A study group I attend regularly had an interesting discussion yesterday about the role of the Institutional Review Board (IRB) in influencing teaching. The basic idea is that if students are the objects of faculty research, then the faculty member must obtain informed consent from the students. Here faculty research is *defined* by the characteristic that it will lead to external publication. If the faculty member does this work only to improve the instruction itself, there is no need for informed consent. That is simply good teaching practice.
In the case of research, there is the further stipulation that the consent must be given voluntarily by the student without any coercion from the faculty member. This stipulation provides the reason for why the IRB asks that faculty file a form either for exemption from review or an application for review, because the faculty member herself is not necessarily in a good position to determine what is or is not coercive for her students. Indeed, upon occasion after submitting a proposal to IRB the faculty member must alter their proposed approach because what they intended to do was perceived as coercive by the IRB. In this way the IRB can exert some influence on the type of research that is conducted.
In this blog I have from time to time talked about the courses I've taught and in doing so have included some information regarding student performance measured in aggregate on some particular assignment. The outcomes were provided to illustrate some point about the teaching approach. For the sake of the above discussion, I'd like for my posting to be regarded simply as part of good teaching practice, reflecting on what I did in my course. But by blogging the reflections I'm communicating those publicly, outside the class setting. Is that a problem?
I know what I'd like the answer to be. Externally communicating about aggregates of class performance as well as about any information that is already available online and that identifies a particular individual (e.g., that person wrote a blog post so I can readily reference it) requires no prior consent. But I'm not sure this is the answer that IRB would want to provide if they were asked to weigh in on the question.
When I was the Campus learning technology guy, there were analogous type of questions about Fair Use. The Library wanted instructors to go through eReserves and then the Library would do the obtaining of permissions, if necessary. But many instructors simply made PDFs of their documents and put them up in the LMS, because from a convenience point of view that was easier. These faculty very likely did not obtain permissions when they should have (the second time through using a copyrighted piece of material that was timely in the first use so no permission obtained then) but who'd be the wiser?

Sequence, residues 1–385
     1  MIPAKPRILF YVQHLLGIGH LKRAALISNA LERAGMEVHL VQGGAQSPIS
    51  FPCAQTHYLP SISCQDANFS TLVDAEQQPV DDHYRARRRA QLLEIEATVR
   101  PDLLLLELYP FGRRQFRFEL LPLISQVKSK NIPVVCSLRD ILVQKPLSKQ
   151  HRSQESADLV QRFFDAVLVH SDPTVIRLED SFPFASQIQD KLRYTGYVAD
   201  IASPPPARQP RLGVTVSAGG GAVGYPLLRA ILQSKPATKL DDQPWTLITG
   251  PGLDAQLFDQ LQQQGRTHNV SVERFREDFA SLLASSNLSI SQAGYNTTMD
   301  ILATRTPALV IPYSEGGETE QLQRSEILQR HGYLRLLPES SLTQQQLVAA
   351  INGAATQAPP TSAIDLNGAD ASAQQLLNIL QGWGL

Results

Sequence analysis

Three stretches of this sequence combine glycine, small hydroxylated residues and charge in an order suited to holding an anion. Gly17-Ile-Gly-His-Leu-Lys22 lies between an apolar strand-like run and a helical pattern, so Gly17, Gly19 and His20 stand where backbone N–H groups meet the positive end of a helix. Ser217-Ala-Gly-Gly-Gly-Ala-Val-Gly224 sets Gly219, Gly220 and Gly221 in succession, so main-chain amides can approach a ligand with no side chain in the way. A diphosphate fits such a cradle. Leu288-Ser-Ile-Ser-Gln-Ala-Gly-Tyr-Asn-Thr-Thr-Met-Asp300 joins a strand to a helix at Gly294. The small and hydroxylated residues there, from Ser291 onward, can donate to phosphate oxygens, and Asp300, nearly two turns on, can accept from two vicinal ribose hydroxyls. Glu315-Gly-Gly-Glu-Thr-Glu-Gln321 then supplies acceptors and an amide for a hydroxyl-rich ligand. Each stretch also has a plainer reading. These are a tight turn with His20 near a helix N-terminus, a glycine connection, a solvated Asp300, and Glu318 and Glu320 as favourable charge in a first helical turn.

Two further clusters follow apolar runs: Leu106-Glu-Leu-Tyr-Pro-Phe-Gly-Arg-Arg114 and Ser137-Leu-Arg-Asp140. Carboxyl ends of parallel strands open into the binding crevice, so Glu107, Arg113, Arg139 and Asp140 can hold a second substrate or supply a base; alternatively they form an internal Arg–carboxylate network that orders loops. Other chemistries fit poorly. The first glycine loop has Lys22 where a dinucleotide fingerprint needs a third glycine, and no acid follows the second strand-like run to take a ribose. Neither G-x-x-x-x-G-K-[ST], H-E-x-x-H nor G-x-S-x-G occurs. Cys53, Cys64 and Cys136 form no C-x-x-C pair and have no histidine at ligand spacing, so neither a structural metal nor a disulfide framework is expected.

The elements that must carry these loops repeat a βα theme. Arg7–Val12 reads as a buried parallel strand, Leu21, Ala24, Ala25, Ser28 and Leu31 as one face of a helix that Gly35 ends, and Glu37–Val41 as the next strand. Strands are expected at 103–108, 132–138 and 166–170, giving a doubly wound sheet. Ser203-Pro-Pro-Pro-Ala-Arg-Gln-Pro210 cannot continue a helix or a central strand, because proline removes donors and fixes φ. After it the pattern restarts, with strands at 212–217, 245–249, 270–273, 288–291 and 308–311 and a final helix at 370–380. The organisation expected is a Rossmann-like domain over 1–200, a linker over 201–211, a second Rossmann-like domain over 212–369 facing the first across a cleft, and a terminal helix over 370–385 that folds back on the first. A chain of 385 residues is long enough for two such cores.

So perhaps the answer is that instructors are agents of the university who are delegated some discretion and armed both with an imperfect knowledge of what is required from them as well as an imperfect understanding of the likelihood they will get caught for being in violation, they take risks they deem prudent. The University can then maintain a fairly hard line overtly, understand quietly that compliance won't be universal, and operate in that realm. That seems to be where we are now.
But I don't like that. I'd rather be in a world where we can openly agree to have rules that are liberal concerning Human Subjects in the teaching setting, rules that balance the need to protect human subjects with the need to have an open exchange of ideas about teaching and hence rules under which my preferred scenario would be permitted. Having tighter rules that inevitably produce a substantial amount of non-compliance is worse. That breeds an air of cynicism.
Identifying where the sensible middle lies is always tough. I understand that. Yet I find myself feeling on a regular basis that we as a campus don't get the cost-benefit calculation right because we can more readily see potential institutional liability than we can identify incipient institutional benefit. And we seem unaware of how deciding these things on a case by case basis has an overall impact on the campus culture. I suppose such is the fate of large public institutions.